Chronic kidney disease Following a myocardial infarction
Diabetic nephropathy*

* Unapproved indication for ARB


Some patients may be concerned about possible increased cancer risk from nitrosamines in the Accuretic they’ve been taking long-term. Some key points to provide to patients when discussing the required transition off Accuretic include:

  • Most people have a low-level exposure to nitrosamines in the food and water they consume.
  • Although a potential excess lifetime cancer risk from N-nitroso-quinapril may exist, it is low based on currently available data.
  • There is no immediate risk to patients who have been taking this medication, based on the available data.

Other considerations include:

  • The risks of suddenly stopping medication for blood pressure is higher than the potential risk presented by the impurity.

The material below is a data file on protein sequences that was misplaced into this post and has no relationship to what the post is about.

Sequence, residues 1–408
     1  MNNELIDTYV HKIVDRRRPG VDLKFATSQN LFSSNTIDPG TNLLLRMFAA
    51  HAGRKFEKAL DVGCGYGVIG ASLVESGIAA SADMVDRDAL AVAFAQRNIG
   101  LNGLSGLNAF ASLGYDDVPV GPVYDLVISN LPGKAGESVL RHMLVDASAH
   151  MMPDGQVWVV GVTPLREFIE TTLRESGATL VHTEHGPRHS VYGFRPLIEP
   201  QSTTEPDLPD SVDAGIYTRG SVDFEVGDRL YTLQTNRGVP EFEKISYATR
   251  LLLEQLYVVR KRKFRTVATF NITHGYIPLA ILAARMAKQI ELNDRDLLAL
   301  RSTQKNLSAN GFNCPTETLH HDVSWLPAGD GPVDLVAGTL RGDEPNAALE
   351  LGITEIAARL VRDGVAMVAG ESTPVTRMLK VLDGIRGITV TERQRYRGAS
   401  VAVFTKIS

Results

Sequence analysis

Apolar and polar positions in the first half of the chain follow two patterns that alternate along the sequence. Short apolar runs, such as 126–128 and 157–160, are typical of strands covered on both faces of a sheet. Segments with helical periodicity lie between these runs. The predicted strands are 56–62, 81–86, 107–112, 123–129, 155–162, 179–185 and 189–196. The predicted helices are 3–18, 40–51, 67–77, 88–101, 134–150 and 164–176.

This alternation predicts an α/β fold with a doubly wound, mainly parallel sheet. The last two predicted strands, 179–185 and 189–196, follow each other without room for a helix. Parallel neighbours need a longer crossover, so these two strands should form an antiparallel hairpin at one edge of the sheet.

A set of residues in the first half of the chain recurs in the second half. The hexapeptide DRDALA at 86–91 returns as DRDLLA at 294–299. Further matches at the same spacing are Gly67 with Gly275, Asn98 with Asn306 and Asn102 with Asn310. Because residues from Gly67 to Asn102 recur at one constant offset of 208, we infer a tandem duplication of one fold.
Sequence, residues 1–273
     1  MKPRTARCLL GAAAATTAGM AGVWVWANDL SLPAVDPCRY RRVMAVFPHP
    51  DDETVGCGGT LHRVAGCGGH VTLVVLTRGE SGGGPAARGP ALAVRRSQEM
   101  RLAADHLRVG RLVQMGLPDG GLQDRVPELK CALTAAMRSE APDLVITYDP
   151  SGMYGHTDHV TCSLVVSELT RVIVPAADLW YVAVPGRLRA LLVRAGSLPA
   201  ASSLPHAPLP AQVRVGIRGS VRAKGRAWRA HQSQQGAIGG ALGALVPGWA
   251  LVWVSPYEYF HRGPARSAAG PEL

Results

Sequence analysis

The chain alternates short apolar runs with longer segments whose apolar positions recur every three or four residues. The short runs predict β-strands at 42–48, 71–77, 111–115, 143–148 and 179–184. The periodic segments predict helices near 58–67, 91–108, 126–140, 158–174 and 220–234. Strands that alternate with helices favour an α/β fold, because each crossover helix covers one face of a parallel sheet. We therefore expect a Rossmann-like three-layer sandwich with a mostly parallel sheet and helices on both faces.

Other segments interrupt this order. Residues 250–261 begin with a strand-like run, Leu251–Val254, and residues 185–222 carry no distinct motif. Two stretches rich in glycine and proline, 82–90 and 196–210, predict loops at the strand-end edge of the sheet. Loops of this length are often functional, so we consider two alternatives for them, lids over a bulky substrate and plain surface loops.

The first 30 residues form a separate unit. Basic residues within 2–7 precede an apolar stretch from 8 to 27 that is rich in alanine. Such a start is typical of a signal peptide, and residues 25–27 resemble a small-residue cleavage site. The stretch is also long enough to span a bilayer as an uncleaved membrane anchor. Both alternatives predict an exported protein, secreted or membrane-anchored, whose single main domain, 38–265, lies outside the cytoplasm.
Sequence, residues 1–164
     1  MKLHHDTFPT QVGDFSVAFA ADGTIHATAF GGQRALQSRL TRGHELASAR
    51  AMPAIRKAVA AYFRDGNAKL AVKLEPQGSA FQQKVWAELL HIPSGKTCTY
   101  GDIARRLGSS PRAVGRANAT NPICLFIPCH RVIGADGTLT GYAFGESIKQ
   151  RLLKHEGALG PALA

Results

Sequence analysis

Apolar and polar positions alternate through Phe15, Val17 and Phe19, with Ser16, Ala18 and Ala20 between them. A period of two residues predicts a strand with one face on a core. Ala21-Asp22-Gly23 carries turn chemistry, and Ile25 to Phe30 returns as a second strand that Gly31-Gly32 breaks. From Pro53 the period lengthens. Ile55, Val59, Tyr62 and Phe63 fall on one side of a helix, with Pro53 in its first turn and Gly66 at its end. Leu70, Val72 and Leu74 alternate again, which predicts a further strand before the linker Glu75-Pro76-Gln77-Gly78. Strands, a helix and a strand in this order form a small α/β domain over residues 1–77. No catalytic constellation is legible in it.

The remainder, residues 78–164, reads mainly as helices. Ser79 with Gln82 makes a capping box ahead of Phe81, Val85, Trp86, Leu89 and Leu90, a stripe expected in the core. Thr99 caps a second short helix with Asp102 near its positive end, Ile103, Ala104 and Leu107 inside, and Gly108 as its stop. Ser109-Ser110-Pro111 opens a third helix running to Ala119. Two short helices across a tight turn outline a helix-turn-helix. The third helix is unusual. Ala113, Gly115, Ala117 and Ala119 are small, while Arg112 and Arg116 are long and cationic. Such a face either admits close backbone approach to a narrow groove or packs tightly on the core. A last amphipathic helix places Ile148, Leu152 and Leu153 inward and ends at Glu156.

• Patients will need follow-up to ensure blood pressure is controlled and any side effects are tolerable.

A resource for patients is available at Health Navigator.


Funding of consultation and prescription copayments(s)


Patients making the change from Accuretic to alternative treatment(s) will not have to pay for the initial consultation with their primary-care prescriber, or for the prescription copayment(s) for the first dispensing.

Extra funding is being added to support primary care with this change. This includes:

  • a GP payment for the waived patient consultation fee
  • a one-off bulk payment to community pharmacies, which will include a prescription copayment for the first dispensing of the alternative medicine(s) and a payment for work in supporting the patient in the transition.